The most common COVID-19 symptoms have changed, a study says.
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The most commonly reported COVID-19 symptoms in recent weeks have changed since the coronavirus started to spread across the globe, a study has found.
The top symptoms were mostly similar regardless of vaccination status, according to the Zoe Health Study, a long-running research project based in the U.K. that tracks the virus through its COVID Symptoms Tracker app. Through the app, participants self report their COVID-19 experience.
The study’s latest list published Oct. 20 highlights how “symptoms as recorded previously are changing with the evolving variants of the virus,” according to the report.
Four out of five top COVID-19 symptoms were the same for participants who received two vaccine doses, one vaccine dose and those unvaccinated, according to the research. These symptoms were headache, persistent cough, sore throat, and a runny nose.
However, the top symptoms differed in how they ranked for each vaccination status group, the study found. Additionally, each group reported one different COVID-19 symptom that made the top five.
For those who received two COVID-19 shots, a stuffy nose was included in this group’s five most-common symptoms while it was absent from the other groups’ top five.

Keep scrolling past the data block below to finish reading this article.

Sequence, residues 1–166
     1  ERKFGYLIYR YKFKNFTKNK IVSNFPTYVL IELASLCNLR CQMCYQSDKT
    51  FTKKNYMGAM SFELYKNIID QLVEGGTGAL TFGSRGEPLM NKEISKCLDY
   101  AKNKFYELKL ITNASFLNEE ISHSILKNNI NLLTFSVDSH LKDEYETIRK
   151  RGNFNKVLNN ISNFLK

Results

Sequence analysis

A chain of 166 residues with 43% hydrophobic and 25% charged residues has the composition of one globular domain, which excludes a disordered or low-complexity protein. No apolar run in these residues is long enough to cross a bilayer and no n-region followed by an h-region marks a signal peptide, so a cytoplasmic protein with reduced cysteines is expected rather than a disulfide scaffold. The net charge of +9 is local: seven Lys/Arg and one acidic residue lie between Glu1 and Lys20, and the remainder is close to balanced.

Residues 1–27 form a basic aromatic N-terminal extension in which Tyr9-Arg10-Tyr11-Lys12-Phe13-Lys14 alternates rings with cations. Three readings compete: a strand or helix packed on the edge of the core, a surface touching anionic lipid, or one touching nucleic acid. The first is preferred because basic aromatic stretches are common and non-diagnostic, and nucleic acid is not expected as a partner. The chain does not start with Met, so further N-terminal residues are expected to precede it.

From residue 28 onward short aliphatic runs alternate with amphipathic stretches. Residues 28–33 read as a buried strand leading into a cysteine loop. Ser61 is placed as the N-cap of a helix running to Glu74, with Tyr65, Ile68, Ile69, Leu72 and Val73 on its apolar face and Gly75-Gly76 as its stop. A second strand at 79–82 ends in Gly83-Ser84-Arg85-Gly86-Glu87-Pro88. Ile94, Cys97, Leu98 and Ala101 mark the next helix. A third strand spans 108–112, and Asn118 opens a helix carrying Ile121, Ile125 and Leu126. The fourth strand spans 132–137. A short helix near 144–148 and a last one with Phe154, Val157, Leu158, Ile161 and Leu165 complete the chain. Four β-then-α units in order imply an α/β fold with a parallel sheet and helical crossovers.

Here is how the top five symptoms ranked for the group, according to the study:
Previously, loss of smell, shortness of breath and a fever were considered more common COVID-19 symptoms for those vaccinated with two doses, according to the research.
Meanwhile, for participants who got one vaccine dose, sneezing was included in the group’s top five symptoms but not in the other two groups.
Here is how the study found this group’s top five ranked:
For those unvaccinated, participants reported having a fever more often than the other groups, according to the research. As a result, fever made the top five most-common symptoms for people who haven’t gotten a COVID-19 shot.
Here’s the top five most-common symptoms for those unvaccinated, according to the research:
The study was based on daily self-reports and did not factor in COVID-19 variants or participants’ demographics, according to Zoe Health.
Ultimately, there are many COVID-19 symptoms, according to the Centers for Disease Control and Prevention. Others include fatigue, nausea, body aches and more.
Several people who were infected with COVID-19 may be dealing with long COVID, when virus symptoms last longer than the initial infection, McClatchy News reported. CDC research published in May found that about 1 in 5 adults may develop at least one long COVID symptom following an infection.
The Zoe Health Study’s latest top symptoms list comes as the omicron variant — and several of its subvariants — dominated virus cases for the week ending Oct. 22, according to CDC data estimates.
The subvariants could cause a fall and winter surge in COVID-19 cases, Justin Lessler, an infectious disease epidemiologist based at the University of North Carolina at Chapel Hill, told Nature.
This story was originally published October 24, 2022 4:40 PM.
Julia Marnin is a McClatchy National Real-Time reporter covering the southeast and northeast while based in New York. She’s an alumna of The College of New Jersey and joined McClatchy in 2021. Previously, she’s written for Newsweek, Modern Luxury, Gannett and more.